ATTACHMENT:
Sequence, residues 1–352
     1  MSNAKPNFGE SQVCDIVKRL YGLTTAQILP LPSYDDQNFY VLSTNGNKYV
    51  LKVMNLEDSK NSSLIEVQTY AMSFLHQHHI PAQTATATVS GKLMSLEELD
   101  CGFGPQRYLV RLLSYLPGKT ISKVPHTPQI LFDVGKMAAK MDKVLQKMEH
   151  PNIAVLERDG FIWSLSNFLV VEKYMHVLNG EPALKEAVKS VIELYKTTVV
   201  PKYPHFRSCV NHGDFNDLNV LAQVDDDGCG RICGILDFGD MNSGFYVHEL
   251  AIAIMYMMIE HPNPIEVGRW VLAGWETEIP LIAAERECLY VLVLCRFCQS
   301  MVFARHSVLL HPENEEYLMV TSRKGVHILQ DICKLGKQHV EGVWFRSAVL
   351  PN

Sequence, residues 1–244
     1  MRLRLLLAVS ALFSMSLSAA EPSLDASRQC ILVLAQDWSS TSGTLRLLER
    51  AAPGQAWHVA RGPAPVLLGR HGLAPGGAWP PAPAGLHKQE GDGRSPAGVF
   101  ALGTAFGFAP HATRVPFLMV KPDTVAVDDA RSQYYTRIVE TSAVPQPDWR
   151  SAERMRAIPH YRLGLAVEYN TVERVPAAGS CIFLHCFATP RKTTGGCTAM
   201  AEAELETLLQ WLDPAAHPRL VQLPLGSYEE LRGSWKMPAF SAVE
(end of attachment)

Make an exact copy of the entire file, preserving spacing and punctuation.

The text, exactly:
Sequence, residues 1–352
     1  MSNAKPNFGE SQVCDIVKRL YGLTTAQILP LPSYDDQNFY VLSTNGNKYV
    51  LKVMNLEDSK NSSLIEVQTY AMSFLHQHHI PAQTATATVS GKLMSLEELD
   101  CGFGPQRYLV RLLSYLPGKT ISKVPHTPQI LFDVGKMAAK MDKVLQKMEH
   151  PNIAVLERDG FIWSLSNFLV VEKYMHVLNG EPALKEAVKS VIELYKTTVV
   201  PKYPHFRSCV NHGDFNDLNV LAQVDDDGCG RICGILDFGD MNSGFYVHEL
   251  AIAIMYMMIE HPNPIEVGRW VLAGWETEIP LIAAERECLY VLVLCRFCQS
   301  MVFARHSVLL HPENEEYLMV TSRKGVHILQ DICKLGKQHV EGVWFRSAVL
   351  PN

Sequence, residues 1–244
     1  MRLRLLLAVS ALFSMSLSAA EPSLDASRQC ILVLAQDWSS TSGTLRLLER
    51  AAPGQAWHVA RGPAPVLLGR HGLAPGGAWP PAPAGLHKQE GDGRSPAGVF
   101  ALGTAFGFAP HATRVPFLMV KPDTVAVDDA RSQYYTRIVE TSAVPQPDWR
   151  SAERMRAIPH YRLGLAVEYN TVERVPAAGS CIFLHCFATP RKTTGGCTAM
   201  AEAELETLLQ WLDPAAHPRL VQLPLGSYEE LRGSWKMPAF SAVE